Water Resources Engineering (WRE) connects engineering hydrology and hydraulics with global, economic, environmental, and societal issues. Our student Tim Stagnitta makes this connection here…

The article, Chinese dare officials to swim in polluted rivers, was published by the associated press on February 20, 2013. The WRE issue involves the hydrology aspect of water quality. China has experienced an economic and industrial boom since the 1960’s. However environmental regulations have not progressed as fast as industries have in China. In Rui’an City in the province of Zhejiang, a local businessman offered about $32,000 to the local environmental protection chief to swim in the polluted river (Tang, 2013). The businessman said that a rubber shoe factory located upstream has been dumping wastewater into the river for years, and he attributes this to the high cancer rate in the area (Tang, 2013). The environmental bureau claims that most of the waste in the river is from residential use (Tang, 2013). The importance of this issue can not be diminished; water quality control is an issue we face on a daily basis. China is a country in development with rapid economic growth and societal improvements. However, as in most developing countries, China’s regulations on dumping and water quality standards have not been enforced consistently. The vice minister of water resources, Hu Siyi, states that 20% of all rivers in China are too toxic for human contact, and 40% are extremely polluted (Tang, 2013). There must be more of an effort made towards environmental regulations during the development of fragile countries that are doing anything to help their people. We have to start transitioning towards sustainable development, to help these people in need while protecting the environment.

In a broader context this water resources issue affects every society and government on the planet. This initial dare sparked numerous other dares around China. In particular, a farmer from the township of Banqiao in the Zhejiang Province offered a similar dare to an environmental official (Clifford, 2013). The farmer posted his dare online, and soon after he was visited by about 40 men and women sent from the government; his house was trashed and he was beaten (Clifford, 2013). The farmer had similar complaints of toxic industrial dumping causing illnesses within his family (Clifford, 2013). The issue of water quality standards for industrial dumping are that industries must be held accountable for not following standards, and the government has the largest authority over these industries. However when the government does not enforce the standards—rather they keep citizens from speaking out against polluting—it will be hard to enforce anything. In order for society to improve water quality standards and regulations industries, governments, and citizens have to work together to educate and speak out against dumping. Water quality is an important aspect of hydrology and it affects the lives of every person on the planet.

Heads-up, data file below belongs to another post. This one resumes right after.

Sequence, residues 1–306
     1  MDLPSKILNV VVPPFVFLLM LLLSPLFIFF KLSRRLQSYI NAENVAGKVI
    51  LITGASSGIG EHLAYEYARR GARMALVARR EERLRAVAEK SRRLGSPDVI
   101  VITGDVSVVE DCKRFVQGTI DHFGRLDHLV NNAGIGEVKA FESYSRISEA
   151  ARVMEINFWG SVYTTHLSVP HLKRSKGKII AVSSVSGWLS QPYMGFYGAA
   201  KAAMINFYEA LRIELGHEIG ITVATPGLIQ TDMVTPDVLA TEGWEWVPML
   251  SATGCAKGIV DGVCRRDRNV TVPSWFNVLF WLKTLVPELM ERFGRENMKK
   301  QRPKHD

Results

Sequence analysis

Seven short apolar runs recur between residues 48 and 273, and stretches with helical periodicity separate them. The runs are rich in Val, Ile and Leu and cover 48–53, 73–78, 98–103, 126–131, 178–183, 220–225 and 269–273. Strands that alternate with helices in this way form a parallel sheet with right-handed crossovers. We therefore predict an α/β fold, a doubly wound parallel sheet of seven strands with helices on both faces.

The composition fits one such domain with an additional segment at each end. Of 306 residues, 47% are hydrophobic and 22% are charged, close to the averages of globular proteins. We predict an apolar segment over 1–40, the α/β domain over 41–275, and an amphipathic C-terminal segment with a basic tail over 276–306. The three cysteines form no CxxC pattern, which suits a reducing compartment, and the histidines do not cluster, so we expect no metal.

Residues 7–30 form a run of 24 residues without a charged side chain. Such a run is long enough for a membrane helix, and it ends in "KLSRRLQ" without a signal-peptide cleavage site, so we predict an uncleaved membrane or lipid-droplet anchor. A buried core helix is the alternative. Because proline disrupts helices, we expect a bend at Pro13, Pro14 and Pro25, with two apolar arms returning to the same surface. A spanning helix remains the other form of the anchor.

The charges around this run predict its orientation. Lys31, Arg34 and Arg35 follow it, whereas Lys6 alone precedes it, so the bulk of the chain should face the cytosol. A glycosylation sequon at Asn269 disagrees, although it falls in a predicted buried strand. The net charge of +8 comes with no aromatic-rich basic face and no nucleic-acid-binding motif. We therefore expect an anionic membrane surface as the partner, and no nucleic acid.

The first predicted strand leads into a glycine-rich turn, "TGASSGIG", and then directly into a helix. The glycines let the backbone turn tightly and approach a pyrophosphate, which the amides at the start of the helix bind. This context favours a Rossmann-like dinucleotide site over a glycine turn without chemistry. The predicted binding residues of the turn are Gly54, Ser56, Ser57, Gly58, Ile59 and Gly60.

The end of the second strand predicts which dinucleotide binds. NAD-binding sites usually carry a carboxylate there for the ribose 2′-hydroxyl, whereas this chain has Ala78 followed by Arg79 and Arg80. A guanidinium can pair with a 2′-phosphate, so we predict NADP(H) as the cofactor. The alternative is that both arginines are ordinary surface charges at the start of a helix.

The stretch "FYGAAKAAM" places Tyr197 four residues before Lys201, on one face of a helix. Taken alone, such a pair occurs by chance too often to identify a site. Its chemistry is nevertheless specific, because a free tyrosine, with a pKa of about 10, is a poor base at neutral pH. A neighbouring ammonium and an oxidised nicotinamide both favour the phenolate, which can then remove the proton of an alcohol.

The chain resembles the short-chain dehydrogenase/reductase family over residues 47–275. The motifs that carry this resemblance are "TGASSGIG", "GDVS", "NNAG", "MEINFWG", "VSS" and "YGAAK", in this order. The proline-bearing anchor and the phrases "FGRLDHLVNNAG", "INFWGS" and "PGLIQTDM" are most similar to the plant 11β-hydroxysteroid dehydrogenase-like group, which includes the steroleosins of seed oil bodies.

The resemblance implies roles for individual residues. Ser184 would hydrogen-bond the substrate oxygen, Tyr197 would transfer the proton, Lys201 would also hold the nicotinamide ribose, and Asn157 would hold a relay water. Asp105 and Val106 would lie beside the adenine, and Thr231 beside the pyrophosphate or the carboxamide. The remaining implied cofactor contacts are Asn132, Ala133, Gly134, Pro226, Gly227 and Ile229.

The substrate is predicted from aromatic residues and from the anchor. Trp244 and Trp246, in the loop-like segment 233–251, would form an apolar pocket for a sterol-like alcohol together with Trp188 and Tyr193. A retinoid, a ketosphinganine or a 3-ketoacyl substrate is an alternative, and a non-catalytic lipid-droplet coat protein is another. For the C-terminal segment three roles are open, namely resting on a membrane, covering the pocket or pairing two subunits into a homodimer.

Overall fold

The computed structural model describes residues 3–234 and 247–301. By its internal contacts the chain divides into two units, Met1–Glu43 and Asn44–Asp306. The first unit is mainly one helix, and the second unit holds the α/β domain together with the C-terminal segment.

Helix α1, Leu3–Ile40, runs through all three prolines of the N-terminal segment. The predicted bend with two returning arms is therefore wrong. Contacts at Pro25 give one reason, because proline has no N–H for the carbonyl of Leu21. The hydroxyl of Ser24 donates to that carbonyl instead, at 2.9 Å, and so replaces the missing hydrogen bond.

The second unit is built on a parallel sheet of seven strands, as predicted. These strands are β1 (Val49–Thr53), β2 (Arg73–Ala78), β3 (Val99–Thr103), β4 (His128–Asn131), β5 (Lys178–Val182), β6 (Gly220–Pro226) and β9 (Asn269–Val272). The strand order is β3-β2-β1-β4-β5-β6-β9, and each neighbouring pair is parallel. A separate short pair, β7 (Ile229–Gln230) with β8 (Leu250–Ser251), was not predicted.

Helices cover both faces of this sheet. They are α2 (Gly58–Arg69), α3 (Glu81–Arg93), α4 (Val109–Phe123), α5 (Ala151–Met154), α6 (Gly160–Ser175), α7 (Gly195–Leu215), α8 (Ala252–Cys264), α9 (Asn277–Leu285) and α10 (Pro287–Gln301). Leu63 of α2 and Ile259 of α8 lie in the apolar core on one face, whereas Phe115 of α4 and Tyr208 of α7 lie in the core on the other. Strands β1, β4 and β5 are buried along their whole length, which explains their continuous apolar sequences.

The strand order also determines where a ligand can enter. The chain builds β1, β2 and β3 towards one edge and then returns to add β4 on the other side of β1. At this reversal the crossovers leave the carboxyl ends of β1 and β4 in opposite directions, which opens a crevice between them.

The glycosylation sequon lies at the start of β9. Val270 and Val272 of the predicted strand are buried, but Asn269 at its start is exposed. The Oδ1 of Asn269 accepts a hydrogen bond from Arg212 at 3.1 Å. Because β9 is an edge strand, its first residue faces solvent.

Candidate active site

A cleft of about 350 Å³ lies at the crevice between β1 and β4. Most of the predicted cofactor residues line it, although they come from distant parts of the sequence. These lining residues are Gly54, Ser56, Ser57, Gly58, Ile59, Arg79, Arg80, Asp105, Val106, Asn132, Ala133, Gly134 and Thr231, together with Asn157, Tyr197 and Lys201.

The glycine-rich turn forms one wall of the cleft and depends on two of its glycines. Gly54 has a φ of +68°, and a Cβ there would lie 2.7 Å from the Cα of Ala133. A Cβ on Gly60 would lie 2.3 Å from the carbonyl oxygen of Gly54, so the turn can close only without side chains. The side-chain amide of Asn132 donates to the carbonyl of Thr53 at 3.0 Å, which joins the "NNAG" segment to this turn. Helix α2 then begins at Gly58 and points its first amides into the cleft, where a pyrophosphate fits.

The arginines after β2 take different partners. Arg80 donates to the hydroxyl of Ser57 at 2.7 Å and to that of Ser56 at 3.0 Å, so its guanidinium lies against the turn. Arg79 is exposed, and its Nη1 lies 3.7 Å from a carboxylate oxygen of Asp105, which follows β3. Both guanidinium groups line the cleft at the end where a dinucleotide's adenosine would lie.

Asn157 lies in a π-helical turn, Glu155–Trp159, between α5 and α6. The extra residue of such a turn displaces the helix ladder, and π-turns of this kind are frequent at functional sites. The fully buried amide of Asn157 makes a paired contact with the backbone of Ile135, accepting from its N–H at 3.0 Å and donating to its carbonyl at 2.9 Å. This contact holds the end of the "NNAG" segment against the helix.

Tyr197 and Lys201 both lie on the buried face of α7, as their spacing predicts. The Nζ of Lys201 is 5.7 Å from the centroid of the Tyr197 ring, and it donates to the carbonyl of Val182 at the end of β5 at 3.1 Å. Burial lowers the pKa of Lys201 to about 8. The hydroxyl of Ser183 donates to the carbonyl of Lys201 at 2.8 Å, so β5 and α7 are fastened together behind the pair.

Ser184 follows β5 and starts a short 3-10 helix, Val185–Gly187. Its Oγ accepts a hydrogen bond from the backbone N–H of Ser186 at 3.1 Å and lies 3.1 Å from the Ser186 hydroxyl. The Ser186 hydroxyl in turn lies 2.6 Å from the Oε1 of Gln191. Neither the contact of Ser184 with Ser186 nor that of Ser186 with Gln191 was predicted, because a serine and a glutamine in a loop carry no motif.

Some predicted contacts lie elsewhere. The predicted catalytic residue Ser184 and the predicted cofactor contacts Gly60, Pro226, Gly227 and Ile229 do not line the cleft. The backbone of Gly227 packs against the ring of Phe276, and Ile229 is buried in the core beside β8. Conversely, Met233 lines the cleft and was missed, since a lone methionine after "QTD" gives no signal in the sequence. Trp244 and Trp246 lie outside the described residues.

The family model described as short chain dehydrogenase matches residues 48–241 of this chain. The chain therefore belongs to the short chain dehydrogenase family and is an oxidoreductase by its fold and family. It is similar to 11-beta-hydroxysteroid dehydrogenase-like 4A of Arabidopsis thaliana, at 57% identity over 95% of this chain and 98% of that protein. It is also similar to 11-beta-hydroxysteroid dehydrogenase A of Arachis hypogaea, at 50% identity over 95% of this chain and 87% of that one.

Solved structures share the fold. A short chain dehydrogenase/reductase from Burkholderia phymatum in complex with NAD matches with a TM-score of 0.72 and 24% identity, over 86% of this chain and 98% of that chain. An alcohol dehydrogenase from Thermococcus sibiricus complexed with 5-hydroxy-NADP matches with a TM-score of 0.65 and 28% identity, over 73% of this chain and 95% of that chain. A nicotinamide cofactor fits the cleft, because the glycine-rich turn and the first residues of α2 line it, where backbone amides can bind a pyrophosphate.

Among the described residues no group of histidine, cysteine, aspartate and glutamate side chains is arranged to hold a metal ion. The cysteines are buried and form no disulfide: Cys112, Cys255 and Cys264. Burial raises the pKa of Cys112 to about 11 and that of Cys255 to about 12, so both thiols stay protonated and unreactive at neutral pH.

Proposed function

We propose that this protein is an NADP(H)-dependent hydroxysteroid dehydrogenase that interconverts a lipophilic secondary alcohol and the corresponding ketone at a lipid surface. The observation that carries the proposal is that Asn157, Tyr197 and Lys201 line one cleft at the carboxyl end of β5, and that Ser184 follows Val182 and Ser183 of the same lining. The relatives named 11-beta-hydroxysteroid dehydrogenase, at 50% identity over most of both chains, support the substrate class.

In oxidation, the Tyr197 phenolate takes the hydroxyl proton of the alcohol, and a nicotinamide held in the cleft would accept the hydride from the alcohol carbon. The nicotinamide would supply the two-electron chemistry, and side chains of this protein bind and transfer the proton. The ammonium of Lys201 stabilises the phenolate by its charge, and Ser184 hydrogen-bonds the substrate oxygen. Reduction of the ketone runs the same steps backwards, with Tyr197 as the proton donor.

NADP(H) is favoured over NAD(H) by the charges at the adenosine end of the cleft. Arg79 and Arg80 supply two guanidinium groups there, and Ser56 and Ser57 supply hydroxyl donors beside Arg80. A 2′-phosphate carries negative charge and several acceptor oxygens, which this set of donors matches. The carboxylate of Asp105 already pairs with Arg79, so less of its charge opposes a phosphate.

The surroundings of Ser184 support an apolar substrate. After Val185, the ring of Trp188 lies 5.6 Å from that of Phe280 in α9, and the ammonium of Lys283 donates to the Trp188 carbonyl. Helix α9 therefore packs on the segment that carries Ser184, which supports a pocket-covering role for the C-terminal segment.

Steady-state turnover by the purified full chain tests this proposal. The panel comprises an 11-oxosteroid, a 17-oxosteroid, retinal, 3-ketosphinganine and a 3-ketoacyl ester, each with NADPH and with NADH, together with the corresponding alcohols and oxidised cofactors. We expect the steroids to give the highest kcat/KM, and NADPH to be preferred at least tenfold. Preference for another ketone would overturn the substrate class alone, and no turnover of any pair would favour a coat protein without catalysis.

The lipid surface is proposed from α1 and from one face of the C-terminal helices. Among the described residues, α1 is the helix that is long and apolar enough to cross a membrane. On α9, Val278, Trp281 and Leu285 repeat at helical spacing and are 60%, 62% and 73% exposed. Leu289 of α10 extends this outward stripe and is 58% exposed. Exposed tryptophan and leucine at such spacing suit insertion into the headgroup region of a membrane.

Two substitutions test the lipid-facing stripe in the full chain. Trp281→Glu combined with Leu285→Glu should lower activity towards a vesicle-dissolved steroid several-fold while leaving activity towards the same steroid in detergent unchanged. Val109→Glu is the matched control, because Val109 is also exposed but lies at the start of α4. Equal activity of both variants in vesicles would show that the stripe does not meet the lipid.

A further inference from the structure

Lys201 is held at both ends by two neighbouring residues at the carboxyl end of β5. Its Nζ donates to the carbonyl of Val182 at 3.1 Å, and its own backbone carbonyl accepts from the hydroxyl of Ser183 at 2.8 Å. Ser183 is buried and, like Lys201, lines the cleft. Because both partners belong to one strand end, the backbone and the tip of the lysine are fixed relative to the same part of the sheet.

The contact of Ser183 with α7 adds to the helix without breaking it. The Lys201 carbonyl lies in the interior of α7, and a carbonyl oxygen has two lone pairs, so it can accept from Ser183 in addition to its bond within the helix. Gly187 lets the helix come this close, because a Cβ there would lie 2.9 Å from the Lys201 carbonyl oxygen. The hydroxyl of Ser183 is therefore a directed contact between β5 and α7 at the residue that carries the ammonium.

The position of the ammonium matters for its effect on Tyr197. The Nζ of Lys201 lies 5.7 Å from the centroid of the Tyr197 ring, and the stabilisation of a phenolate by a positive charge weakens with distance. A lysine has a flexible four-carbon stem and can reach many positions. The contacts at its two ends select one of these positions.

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Figure 1: Workers cleaning away rubbish and debris along a river in the city of Rui’an, Zhejiang province on February 18, 2013

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Figure 2: Chinese farmer Chen Zuqian was beaten up by about 40 men and women after he dared an environmental official to swim in the heavily polluted river in the township of Banqiao, Zhejiang Province.

References

Clifford , Coonan. “Chinese farmer beaten for daring official to swim in filthy river.” Independent 27 Feb 2013, n. pag. Web. 7 Apr. 2013.

Tang, Didi. “Chinese dare officials to swim in polluted river.”Associated Press 20 Feb 2013, n. pag. Web. 7 Apr. 2013.

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